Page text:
"Lang Lang Don't Cry" Pet Halfway House & Café: Finding Their Forever Home
Many dogs and cats at Lang Lang Don't Cry are waiting for their new home.
Author Catherine Shih
Photographer Samil Kuo, Lang Lang Don't Cry
Not Your Typical Coffee Shop
Tucked away in a quiet lane off of Linsen North Road (林森北路) near Taipei Main Station (台北車站) lies an inconspicuous café, "Lang Lang Don't Cry (浪浪別哭) Pet Halfway House & Café." Although it looks like your typical coffee shop, another surprising service can also be found on the menu: finding a forever home for a stray dog or cat.
Founded in 2015 in Taipei, following two branches in Taichung (台中) and Tainan (台南), the shop acts as both a halfway house for these animals while also providing an ambient atmosphere. While enjoying a cup of Joe, patrons can play with the animals on-site and get a feel for their personality and whether they'd make a good fit.
"Our goal is to provide a convenient yet relaxing location for potential adopters to get to know the animals one-on-one," says Taipei branch shop manager Hong Shi-min (洪士�^).
"Most animal shelters are located outside of the city due to limited space and capacity, making it difficult to commute to for potential adopters, and thereby reducing the success rate of adoption," Hong tells us. "Here patrons can get to our coffee shop easily and spend a reasonable amount of money to meet the animals, increasing the rate and likelihood of adoption," he continues.
Aside from adopting, patrons can also help the organization by making any purchase at the shop. "Three percent of all of our proceeds actually goes to the 'TNVR Project,' which stands for 'Trap, Neuter, Vaccinate, and Return,'" Hong advises. The project is an effective and humane method to control and reduce the stray animal population, and is approved and accepted by worldwide animal protection organizations.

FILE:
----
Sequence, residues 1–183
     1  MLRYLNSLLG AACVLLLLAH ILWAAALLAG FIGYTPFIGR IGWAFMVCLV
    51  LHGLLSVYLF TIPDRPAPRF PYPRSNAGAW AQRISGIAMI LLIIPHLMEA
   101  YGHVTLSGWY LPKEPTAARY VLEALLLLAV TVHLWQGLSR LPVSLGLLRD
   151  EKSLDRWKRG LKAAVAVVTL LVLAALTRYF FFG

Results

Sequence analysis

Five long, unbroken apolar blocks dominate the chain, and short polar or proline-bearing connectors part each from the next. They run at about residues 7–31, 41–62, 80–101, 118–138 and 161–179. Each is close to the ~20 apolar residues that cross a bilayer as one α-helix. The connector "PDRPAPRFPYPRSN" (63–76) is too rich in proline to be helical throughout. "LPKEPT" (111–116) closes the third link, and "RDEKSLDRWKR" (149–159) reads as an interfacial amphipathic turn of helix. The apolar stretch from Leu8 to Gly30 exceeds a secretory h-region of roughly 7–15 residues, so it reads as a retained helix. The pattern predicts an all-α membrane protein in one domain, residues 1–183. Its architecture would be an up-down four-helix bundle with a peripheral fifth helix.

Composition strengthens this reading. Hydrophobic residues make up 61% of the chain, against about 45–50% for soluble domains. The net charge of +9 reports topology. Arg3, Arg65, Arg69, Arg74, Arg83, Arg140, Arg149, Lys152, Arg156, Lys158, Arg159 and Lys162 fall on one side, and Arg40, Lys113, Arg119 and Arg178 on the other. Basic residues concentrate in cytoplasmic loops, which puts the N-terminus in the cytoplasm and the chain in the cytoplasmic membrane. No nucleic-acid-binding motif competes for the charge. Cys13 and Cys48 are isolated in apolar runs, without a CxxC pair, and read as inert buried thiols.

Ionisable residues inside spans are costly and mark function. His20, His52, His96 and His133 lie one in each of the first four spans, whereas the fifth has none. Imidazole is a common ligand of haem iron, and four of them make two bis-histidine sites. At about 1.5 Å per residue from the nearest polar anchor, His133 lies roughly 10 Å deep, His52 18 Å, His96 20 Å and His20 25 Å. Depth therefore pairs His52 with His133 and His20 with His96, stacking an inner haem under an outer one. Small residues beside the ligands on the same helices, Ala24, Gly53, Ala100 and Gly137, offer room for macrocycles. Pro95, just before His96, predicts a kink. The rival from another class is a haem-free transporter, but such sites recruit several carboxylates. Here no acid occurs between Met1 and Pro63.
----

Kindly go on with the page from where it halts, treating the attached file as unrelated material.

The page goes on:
"Since no matter how high the rate of adoption is, the rate of stray animals remains high. It's important to build awareness in the community on the benefits of neutering and spaying so that we can solve this issue in the long term," Hong explains.
"At our Taipei branch, we currently have one adult dog, three puppies, and 10 cats," he goes on. "Any time one animal gets adopted, we can take in one more of that particular animal. And the fact that we offer both cats and dogs up for adoption is what sets us apart from others. Most of the halfway houses we've seen are for cats only."
When asked about restrictions in taking in stray animals, Hong informs us, "For dogs, we differentiate based on size instead of age, since some dogs are actually quite large but young in age. For cats, it's a bit easier. We don't have any requirements on their size or age."
In addition to serving as an approachable location in the city to raise the adoption rate, Lang Lang Don't Cry also educates and trains the animals they take in. "Cats are generally easier to train since most of them inherently know how to use the litter box already," Hong says. "For dogs, on the other hand, it's generally a bit harder since we need to make sure they are domesticated to some level."